My Life as a Machine: Two Lives in one Mask

Ma-chan from Kenzaburo Oe’s A Quiet Life analyzes Celine with such craft, it made me really think about how people really are.

According to Ma-chan, Celine was a caring individual who cared about the “little idiots”, stopping to help people during a bomb-riddled Germany while traveling to escape the hellish conditions. Ma-chan’s colleagues looked down at her for being fond of a so-called negative perception on things, but she saw through it all, through Celine as though he were as clear as a cloudless sky. Ironically, people who have read Celine look down at him with disdain, calling him a Nazi-supporter. But Ma-chan thought differently, and made a brief distinction between Celine the Nazi sympathizer and Celine, the doctor up for the little idiots with antisemitic beliefs. Upon reading the differences, I questioned my own distinction.

I am a machine, but I live two different lives. I live within the world of people, trying to find my way. I live within the realm of the machines, gears working to hold together the pieces of me. Besides what’s on the outside, do people see the machine in me? Or do they even care? Should they care?

I’m two different entities. The people-person inside of me tries to abide by society, making sure to duck one’s head until it’s safe to avoid the ears of other people. The machinery, however, helps and defeats the mask. Even my voice deepens, my vocal chords stretching, to accommodate the metal parts bringing cracks to the mask.

So who is this person that I am? Am I a pseudo-machine for trying to acclimate myself to the people’s lives, or am I a traitor? I don’t want to be a traitor. I simply want to exist and find my purpose for being alive.


My Life as a Machine: Trust

Trust is a delicate thing for me. Everyone I trust unconditionally is on the fingers of my left hand. Five people. That’s it.

My two brothers I can trust without regard to any conditions or anything. My best friend, Monica, is another person, even though I haven’t spoken to her in more than a year.

I suppose the other people I trust aren’t the people who I can fully depend on. After all, dependence and trust are completely different when they’re independently dissected.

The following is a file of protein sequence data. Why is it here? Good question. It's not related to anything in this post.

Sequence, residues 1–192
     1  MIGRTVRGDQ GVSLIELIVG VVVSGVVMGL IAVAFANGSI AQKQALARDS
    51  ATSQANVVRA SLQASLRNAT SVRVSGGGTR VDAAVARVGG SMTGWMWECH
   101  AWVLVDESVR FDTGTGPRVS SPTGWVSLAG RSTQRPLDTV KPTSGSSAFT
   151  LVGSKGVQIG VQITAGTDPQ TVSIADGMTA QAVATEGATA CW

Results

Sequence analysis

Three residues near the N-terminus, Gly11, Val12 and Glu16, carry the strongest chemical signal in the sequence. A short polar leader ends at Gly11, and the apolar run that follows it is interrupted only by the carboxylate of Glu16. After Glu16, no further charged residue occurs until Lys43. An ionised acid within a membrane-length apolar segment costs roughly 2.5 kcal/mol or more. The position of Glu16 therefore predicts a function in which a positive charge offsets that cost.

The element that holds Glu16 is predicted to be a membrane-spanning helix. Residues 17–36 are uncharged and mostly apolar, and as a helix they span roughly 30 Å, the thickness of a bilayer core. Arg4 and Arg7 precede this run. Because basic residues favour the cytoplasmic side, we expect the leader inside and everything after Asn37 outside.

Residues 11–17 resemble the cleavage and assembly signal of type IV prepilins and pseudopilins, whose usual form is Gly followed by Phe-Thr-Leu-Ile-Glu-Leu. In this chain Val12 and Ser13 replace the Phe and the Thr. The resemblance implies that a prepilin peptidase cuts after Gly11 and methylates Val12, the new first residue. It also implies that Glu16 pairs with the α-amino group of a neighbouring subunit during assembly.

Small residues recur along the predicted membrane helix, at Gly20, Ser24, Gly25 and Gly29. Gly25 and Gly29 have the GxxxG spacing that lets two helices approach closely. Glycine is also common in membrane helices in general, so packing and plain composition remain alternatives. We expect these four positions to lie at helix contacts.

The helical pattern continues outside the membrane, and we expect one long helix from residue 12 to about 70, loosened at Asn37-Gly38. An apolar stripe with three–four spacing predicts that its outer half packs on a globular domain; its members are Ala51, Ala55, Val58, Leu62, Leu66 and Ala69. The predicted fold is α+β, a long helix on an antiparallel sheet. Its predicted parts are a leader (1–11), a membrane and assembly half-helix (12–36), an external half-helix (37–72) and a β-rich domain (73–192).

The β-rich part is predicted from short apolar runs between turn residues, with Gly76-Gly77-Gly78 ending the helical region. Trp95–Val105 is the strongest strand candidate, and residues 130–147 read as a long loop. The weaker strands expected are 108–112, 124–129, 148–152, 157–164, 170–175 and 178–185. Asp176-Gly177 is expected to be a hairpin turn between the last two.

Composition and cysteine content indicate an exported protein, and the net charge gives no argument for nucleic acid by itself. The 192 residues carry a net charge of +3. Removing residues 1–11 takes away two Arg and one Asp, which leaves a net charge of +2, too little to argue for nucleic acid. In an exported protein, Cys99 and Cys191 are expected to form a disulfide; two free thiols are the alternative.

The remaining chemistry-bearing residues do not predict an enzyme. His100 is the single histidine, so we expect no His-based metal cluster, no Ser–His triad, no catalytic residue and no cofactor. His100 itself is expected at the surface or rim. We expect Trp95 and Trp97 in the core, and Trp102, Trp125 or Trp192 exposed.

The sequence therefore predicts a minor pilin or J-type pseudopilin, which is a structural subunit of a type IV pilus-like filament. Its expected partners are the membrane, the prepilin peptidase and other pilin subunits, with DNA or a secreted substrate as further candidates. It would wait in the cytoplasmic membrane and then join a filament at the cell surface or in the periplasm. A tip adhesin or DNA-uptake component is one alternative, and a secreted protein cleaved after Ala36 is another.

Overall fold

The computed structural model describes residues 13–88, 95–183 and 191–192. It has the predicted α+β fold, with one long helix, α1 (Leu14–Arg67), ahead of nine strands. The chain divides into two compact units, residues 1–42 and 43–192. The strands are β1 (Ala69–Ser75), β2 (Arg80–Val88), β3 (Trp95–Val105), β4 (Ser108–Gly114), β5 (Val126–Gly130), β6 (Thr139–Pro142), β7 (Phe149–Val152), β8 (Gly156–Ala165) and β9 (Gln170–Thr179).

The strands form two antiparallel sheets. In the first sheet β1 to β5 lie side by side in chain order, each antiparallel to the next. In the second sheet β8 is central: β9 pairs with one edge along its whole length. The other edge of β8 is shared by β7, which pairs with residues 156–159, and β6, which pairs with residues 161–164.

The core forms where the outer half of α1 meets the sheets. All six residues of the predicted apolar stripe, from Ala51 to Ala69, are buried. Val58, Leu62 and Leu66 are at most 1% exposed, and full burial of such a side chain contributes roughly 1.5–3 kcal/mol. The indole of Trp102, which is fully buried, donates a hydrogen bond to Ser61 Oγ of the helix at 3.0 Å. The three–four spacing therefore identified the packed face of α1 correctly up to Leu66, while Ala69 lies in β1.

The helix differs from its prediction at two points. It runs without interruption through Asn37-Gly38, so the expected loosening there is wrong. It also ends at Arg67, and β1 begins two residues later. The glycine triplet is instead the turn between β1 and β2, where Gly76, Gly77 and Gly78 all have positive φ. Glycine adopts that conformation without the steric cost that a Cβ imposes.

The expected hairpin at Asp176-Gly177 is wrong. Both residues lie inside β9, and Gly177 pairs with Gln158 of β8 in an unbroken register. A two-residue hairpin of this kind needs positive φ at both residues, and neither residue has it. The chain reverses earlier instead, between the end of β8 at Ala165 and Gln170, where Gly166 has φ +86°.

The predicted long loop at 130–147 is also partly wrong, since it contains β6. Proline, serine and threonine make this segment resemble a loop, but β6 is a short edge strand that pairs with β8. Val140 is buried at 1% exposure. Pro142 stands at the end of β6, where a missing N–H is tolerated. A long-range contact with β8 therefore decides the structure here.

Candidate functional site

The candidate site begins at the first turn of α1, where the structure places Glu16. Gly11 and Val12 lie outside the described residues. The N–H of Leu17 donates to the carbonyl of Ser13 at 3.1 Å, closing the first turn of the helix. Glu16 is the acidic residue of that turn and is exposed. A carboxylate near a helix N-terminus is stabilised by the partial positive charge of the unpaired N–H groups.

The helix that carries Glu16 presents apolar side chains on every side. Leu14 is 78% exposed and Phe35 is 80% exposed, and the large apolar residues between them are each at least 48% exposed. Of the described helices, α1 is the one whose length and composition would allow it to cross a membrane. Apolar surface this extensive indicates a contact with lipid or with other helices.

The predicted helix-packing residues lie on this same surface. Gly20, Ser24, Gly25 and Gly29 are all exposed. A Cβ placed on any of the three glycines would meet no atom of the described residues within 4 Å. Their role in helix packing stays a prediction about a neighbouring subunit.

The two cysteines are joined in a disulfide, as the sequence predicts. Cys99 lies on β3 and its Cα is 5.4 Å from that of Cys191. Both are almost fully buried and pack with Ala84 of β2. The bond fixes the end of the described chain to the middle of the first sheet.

My other friend, Charles, is someone I trust, but I don’t depend on him because he’s too unorganized. It’s not that I can’t rely on him to do something, but it may not be done in the time frame that I would like it to be. (I’m a very time-oriented person, for I fear that my time alive is limited.) Still, I regard him with both awe–for all that he does and his creativity–and platonic love. He’s someone I would give anything for, and I feel that it’s mutual, but in a different way.

My brothers, I would give anything for them. We were given birth to the same parents and we spent more time with each other than anyone else. It wasn’t always fun times, but we were bound together, strong like blood and fierce like the wind. I simply could not see my life without them. Ironically, they aren’t physically around, but I feel that their hearts and mine understand each other within a coherent nature we only understand. I suppose it was one of the reasons why I loved being born in a family with my brothers. We were our own club, exclusive to even our parents, and no matter how elite either of us became, we were still connected. Plus, they never changed by a mile; they only changed by a mere few steps.

If you’re wondering why my parents weren’t included, they aren’t the trusting type parents. My mother always kept me at arms length and my father made sure to violate people’s trust for his own control. Either one of them, selfish people pretending to be cautious and caring, never trusted those around them, and their distrusting perceptions seeped into their parenting. My father was better at acting than my mother, but still, even his facade cracked and we all lost, my mother included. The world shut on any relationship between my mother, my father, and my brothers and I.

My brothers, though, were there from the start. My older brother protected me and taught me in the absence of sense, and my younger brother made me more mature by getting us in trouble.

My best friend isn’t part of the club of my brothers and I, but she’s pretty damn close. She has the most amazing way at looking at things, although she’s my younger brother’s age. Her personality is so fun and vibrant, a strong red if her color depicted her and her alone. Even though I’ve been the one she relied upon during tough times, I’ve always felt I could talk to her and lean on her if I needed it. Being without contact with her for over a year doesn’t hamper our relationship. She’s just busy with her life and I’m busy with mine.

Yes, I’m surrounded by people who I am friends with, but few are those that I trust. Even fewer are machines. My brothers and I are machines, which may account for our close bond, but everyone else can pass for people even if they are machines.

My Life as a Machine: Resolution of the Wild Sheep Chase